Despite some claims to the contrary, there has not yet been any new deal agreed in the ongoing Icesave dispute between Iceland, the Netherlands and the United Kingdom. The talks are, however, said to be going very well.
It was reported yesterday evening that a new draft of a deal had been agreed to the satisfaction of all sides; but RUV reports that is not yet true. There is good progress though and a draft has been presented to interested parties for consideration before the three sides agree on amendments or to send it to their national governments.
According to Icelandic finance ministry spokesman Rosa Bjork Brynjolfsdottir, there is a good atmosphere at the negotiating table and excellent communication between the three sides.
Icelandic Minister of Finance Steingrimur J. Sigfusson is currently in Brussels working with the country’s EU accession committee. He would not be drawn to comment publicly on the current state of Icesave negotiations. Sources within the ministry hope that Icesave can be completely put to bed in the coming few weeks.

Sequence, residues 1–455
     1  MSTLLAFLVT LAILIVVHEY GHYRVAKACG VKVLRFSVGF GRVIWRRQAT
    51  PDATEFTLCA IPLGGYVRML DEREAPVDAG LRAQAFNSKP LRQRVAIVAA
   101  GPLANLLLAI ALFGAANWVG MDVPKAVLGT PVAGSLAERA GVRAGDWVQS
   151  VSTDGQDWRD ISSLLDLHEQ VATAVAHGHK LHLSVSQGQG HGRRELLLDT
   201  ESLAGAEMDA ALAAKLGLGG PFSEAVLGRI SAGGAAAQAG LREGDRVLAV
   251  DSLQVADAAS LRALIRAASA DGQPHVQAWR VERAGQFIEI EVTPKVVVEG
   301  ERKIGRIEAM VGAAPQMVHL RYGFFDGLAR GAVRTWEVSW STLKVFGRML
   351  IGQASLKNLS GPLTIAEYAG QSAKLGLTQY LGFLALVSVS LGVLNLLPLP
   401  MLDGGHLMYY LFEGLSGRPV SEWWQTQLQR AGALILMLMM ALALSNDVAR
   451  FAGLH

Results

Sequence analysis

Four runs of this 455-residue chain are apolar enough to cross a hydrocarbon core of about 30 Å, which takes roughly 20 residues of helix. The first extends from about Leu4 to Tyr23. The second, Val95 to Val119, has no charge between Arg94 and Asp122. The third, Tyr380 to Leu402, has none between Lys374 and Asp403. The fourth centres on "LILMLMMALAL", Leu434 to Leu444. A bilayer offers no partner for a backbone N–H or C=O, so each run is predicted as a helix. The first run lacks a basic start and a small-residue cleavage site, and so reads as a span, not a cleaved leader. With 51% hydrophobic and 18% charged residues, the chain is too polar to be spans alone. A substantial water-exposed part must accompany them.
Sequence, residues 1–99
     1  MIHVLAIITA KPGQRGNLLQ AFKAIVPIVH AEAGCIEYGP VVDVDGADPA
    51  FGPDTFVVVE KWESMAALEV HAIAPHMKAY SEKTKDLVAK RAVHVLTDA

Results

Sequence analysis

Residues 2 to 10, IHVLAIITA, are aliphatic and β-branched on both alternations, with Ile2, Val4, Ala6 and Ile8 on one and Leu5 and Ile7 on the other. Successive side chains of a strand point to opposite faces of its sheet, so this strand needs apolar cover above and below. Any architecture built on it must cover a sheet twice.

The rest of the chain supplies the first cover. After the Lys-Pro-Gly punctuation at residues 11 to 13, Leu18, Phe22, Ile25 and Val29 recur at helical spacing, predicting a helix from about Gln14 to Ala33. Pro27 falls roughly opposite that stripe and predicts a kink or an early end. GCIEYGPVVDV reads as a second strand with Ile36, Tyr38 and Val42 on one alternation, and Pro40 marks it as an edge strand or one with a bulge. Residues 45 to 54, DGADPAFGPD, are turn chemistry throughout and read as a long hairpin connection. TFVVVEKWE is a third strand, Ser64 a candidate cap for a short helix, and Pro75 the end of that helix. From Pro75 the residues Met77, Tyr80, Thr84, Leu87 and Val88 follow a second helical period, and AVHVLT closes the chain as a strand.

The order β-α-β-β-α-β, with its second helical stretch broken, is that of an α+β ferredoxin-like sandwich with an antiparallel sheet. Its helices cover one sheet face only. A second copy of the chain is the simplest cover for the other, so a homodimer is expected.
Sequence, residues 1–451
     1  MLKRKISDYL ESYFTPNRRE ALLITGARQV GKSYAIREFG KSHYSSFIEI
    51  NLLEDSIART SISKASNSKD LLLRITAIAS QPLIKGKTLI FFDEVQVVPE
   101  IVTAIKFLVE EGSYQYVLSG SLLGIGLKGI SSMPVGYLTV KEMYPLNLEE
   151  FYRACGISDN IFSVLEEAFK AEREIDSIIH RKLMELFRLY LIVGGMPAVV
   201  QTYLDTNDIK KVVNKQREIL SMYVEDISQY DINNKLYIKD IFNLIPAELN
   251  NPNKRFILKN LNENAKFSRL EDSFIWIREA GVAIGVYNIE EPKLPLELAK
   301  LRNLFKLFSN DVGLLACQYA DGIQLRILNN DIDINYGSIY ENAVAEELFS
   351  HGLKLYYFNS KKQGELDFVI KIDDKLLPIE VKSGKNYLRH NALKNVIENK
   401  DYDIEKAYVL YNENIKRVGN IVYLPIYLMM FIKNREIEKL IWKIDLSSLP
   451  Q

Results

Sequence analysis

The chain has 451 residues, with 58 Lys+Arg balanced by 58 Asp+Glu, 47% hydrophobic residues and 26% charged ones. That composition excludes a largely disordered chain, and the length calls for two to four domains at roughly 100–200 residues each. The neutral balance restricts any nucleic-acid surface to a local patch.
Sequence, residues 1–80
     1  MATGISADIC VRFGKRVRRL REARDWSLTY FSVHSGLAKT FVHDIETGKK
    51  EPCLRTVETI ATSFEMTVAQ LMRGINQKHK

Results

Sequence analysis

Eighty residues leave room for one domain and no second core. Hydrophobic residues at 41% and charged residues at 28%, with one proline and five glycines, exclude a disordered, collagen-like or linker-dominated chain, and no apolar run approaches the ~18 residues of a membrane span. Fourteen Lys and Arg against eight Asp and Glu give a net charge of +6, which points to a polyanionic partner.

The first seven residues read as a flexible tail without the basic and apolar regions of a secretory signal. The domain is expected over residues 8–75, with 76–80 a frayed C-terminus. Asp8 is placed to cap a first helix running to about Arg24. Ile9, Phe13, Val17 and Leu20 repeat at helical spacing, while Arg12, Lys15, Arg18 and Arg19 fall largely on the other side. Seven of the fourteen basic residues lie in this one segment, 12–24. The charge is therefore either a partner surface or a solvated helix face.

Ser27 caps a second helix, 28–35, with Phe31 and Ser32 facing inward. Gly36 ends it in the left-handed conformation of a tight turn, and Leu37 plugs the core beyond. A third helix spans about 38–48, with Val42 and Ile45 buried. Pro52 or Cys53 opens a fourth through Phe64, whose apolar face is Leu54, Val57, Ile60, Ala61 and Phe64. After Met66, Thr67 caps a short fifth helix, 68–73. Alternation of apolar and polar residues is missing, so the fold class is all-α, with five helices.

According to the Confederation of Icelandic Employers, an NGO which has received a copy of the new draft agreement, the deal currently on the table will see the Icelandic state burdened with a much smaller bill than previously feared – likely around ISK 60 billion (USD 530.7 million). The likely interest rate on the trilateral loan is said to be in the region of three percent, with a nine-month interest free payment break.